Sometimes, gamers make some terrible mistakes, while other times, things happen in the gaming industry on a large scale that you wish you could just change for the better. After binge-watching the 12 Monkeys TV series recently, I share the things I would change in the history of gaming if I had access to a time machine. Don’t forget to join our discussion in the comments section at the bottom of this article and tell of which events you would change in the history of gaming and why.
Saving the Bonjwa, sAviOr
Back in 2010, esports wasn’t as big as it is now. There weren’t any multi-million Dollar prize pools to participate in and even some professional players still struggled to make a living. Enter Ma “sAviOr” Jae Yoon, a StarCraft: Broodwar professional player who was, for all intents and purposes a Bonjwa. The term Bonjwa is used in Korea to describe a player who dominates the StarCraft scene for a prolonged period of time.
It’s not just about statistics, but more of a consensus from professional players, casters and the like. That term was first accurately used to describe Ma “sAviOr” Jae Yoon, also known as the Maestro. His peak performances were between 2005 and 2007, but he still remained one of the greatest names in esports up until 2010, when something horrible happened.
Fans like myself couldn’t believe it when sAviOr was accused and later found guilty of participation in match-fixing, resulting in a life-long ban. Even typing this, it feels like opening old wounds once again. Sure, everyone makes their own choices and his involvement was a terrible choice, but the absolute first thing I would do if I could go back in time and change something in the video game industry is simply to tell sAviOr that it isn’t worth it and that esports is only (in 2010) in its infant stages.
Image Credit: Team Liquid
Teach GabeN to count to three
For many PC gamers, Gabe ‘GabeN’ Newell is faultless and his company, Valve, magnificent. It is probably impossible to argue against the point that Valve and GabeN have done so much for the gaming industry as a whole, with all the Steam sales, Dota 2, CS: GO and much more.
Everything Valve has developed and released has turned into instant gold, but their franchises seem to have all stopped at the number 2. Team Fortress 2, Left 4 Dead 2, Portal 2 and, of course, Half-Life 2 Episode 2. The latter even has two 2’s in the title, I mean come on! With my mediocre rant now over, the whole point is that I know GabeN can count to three, but I really do want Valve to continue their franchises, as they are some of the best the industry has ever seen.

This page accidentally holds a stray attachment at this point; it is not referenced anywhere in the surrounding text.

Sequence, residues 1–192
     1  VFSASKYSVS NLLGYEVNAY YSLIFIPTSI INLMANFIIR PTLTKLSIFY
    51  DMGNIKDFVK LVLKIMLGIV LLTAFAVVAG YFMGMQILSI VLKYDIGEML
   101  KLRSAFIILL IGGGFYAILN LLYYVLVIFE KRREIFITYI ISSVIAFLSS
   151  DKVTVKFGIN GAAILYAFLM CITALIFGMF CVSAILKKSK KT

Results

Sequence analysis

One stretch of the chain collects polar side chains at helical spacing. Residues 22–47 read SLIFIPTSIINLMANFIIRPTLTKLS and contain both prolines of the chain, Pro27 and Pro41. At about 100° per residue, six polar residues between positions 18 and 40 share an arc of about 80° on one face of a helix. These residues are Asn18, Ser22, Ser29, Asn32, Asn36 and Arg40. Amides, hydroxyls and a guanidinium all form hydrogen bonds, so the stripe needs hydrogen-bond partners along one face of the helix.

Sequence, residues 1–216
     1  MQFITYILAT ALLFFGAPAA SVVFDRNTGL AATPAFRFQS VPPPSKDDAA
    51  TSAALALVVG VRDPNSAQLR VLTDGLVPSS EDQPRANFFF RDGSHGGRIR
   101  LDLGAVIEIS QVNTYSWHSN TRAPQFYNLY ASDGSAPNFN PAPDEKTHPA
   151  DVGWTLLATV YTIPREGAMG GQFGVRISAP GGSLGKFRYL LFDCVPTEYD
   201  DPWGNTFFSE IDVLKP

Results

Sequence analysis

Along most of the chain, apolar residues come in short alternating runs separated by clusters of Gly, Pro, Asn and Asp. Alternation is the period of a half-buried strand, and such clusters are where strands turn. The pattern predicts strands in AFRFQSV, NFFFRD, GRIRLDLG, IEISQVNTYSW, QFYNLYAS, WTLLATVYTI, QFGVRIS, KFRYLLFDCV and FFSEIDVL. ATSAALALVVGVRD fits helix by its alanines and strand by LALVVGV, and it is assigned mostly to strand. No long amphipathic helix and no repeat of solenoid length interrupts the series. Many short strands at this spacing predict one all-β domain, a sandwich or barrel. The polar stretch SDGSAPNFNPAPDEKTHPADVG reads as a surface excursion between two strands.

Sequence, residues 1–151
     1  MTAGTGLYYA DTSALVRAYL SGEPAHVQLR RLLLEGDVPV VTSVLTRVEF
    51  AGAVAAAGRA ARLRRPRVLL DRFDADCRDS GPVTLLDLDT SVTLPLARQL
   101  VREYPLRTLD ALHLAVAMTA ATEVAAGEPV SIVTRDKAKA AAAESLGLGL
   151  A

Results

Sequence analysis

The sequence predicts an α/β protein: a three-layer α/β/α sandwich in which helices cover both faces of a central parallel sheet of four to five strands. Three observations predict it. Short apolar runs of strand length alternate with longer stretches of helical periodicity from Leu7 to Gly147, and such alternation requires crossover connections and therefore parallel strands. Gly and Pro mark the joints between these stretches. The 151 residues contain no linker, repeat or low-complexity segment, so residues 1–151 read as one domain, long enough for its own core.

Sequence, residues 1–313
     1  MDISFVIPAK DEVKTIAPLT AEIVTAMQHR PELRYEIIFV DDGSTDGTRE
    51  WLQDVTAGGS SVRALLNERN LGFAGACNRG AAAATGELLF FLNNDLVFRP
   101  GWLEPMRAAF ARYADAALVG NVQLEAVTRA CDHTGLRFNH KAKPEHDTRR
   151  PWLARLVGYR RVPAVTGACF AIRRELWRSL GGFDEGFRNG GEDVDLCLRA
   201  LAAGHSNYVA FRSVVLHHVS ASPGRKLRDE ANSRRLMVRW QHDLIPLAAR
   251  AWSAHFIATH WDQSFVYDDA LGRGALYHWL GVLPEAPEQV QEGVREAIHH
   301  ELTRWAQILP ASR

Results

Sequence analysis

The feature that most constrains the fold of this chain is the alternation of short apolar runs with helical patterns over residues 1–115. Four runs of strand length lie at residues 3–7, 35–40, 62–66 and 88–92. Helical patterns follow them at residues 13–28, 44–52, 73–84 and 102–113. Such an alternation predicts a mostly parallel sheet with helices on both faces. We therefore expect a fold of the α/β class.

The reason I think we need a time machine for this is that nothing seems to budge Valve into the right direction when it comes to finally developing and releasing a game like Half-Life 3. One recent example is that Dota 2 was bombarded with negative reviews in protest for Half-Life 3 (or Episode 3 if you will). Fans were upset since Valve announced a Dota 2 card game Artifact during The International 2017 and an ex-writer for the Half-Life franchise, Marc Laidlaw, shared plot summary ideas for Half-Life 2: Episode 3 in some riveting fan-fiction.
Even with all this going on, Valve refuses to budge, and that is their prerogative. However, I think the only way to ever get Half-Life 3 to release is to go back in time to change something, anything, so that Valve decides to continue down the path of creating new games in their incredible franchises.
Derailing the No Man’s Sky hype train
Talking about the No Man’s Sky debacle is probably like beating 18 quintillion dead horses right now, but for many gamers, it still remains one of the most disappointing launches in video game history. If time travel was possible, we could go back and tell gamers not to get their hopes up too much, kind of like derailing the hype train that, in part, led to the terrible reception at launch.
Managing expectations could maybe prevent such a backlash from the gaming community, but there is one other thing that one could do in the past that would really be a win/win situation. As most of you who still follow the game know, No Man’s Sky has improved so much that it is finally becoming the game we thought we would get at launch.
Developer Hello Games didn’t give up on their space exploration title, but instead improved it with various updates and even multiplayer! If one could go back in time and in some way just delay the game for roughly a year, or maybe even two, all that hype about No Man’s Sky would have been well-deserved and dare I say, it would probably win some Game of the Year awards right now.
What things would you change in the gaming industry if you suddenly found yourself in possession of a time machine? Let us know in the comment section below.